It is really simple. Don’t feed the animals.
I saw and photographed quite a few bison while at Custer State Park, so I wanted to share some more photos in a separate blog post of just them. The first four photographs are of the same bison, who rather enjoys rolling around in the dirt.
I am probably prone to superlatives on my blog, but Custer State Park is, in fact, stunningly gorgeous. It has lovely grasslands where you can find bison, prairie dogs, and donkeys and probably others. Those are the ones I saw. I have to also admit that I am a little sketchy on wild donkeys being in a park, but I digress. The park also has the granite peaks and spires that make the Black Hills so famous. There is a manmade lake called Sylvan Lake that has the granite spires lining it and popping out of it. There is Needles Highway, which is an engineering feat of wonder, where you drive around the granite spires and in two cases drive through them in the most ridiculous small, just cut out the exact space needed for a car, tunnels. There is the Wildlife Loop where you can see the wildlife and just take in the gorgeous grasslands. My photos probably don’t do it justice, but if you are ever in the area, make time and go to this park.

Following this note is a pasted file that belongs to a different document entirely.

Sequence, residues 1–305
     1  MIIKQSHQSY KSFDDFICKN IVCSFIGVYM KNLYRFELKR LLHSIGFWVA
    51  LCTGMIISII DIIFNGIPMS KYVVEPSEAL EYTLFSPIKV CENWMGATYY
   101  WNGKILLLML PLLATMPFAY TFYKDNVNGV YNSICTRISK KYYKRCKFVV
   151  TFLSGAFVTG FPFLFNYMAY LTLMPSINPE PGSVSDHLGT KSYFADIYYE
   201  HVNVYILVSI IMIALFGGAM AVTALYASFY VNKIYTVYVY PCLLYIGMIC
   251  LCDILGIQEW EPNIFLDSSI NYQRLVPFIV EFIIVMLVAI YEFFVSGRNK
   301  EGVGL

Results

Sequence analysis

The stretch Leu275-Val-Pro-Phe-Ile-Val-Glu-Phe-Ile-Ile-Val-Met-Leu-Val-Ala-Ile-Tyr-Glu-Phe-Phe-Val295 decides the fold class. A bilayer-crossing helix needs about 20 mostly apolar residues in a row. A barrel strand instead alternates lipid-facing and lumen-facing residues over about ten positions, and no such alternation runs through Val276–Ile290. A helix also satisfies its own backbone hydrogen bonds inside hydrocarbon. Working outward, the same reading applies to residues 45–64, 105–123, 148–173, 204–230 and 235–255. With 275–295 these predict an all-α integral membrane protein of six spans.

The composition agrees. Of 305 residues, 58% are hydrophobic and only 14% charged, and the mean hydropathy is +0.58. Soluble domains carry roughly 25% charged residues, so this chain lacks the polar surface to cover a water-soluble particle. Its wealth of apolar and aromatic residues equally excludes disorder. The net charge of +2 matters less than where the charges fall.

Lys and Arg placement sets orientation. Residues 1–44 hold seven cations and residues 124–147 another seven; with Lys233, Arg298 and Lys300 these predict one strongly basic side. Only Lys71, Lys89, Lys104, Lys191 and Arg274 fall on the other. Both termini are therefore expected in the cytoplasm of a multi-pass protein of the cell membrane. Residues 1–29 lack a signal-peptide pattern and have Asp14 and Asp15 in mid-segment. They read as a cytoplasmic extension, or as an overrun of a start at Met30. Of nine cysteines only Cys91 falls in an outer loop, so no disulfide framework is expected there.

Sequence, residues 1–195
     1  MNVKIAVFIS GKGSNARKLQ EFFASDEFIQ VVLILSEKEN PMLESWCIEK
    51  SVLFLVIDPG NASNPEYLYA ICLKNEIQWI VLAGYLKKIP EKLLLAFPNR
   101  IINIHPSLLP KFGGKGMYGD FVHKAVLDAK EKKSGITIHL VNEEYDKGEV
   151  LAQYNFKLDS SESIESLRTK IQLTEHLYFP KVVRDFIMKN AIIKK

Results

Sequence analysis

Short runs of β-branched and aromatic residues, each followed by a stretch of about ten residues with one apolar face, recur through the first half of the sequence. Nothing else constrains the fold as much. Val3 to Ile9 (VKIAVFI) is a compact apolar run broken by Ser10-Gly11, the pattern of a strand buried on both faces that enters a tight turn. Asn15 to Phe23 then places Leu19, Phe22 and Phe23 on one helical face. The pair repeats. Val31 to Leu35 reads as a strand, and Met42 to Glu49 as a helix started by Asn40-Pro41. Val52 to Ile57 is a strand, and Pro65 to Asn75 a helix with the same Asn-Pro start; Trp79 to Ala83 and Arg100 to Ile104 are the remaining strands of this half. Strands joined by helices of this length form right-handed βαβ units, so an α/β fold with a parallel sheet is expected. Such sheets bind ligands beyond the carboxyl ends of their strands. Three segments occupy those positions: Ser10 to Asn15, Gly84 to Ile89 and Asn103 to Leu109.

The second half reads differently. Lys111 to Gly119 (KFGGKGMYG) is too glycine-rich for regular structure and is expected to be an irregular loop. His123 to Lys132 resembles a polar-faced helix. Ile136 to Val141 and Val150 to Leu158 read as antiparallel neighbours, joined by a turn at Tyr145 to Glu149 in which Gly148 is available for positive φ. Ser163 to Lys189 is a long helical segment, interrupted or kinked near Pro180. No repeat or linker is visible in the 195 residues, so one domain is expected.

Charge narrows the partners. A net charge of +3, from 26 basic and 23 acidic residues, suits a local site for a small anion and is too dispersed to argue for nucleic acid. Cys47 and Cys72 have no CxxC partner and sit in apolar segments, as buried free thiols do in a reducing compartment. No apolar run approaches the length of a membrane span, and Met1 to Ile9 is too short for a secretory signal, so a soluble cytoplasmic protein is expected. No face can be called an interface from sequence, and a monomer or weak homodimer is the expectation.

This morning I visited Wind Cave National Park. On the surface, the park looks like much of same lovely grassland as the surrounding area. Underground, however, lies a huge cave system filled with gorgeous formations. The cave is famous for its boxwork formations and has most of the known boxwork in the world. You can take tours of a small portion of the cave, enough to get a glimpse of the gorgeous boxwork.
For my trip out west, I wanted to visit many sites that were kind of in the middle of nowhere. Devil’s Tower fits in that category. I don’t think photos can do it justice. As I was driving to it, the road I was on curved, and then Devil’s Tower just appeared. That is what is so amazing about it. The area around it is pretty rolling countryside with some of the black hills, but then this columnar rock tower just appears. The trail to walk around it is a little over a mile, and even while walking that trail, I still was amazed by its size and how much it stuck out of the surrounding countryside. There are exhibits on the trail that give good visuals to describe how it formed. Still I find it awesome.
After visiting Minuteman Missile National Historic Site, I then drove on to Badlands National Park, which is right across the freeway. Badlands is just gorgeous. The formations are dramatic. In many places you can clearly see the different sedimentation layers, including different coloring of the layers. The different coloring layers adds to the drama and beauty of the landscape. When I was there, it was a clear blue sky, which contrasted with the landscape coloring. It was fun to photograph. There were no bad angles, only trying to figure out the best way to capture the beauty, even though no photograph can.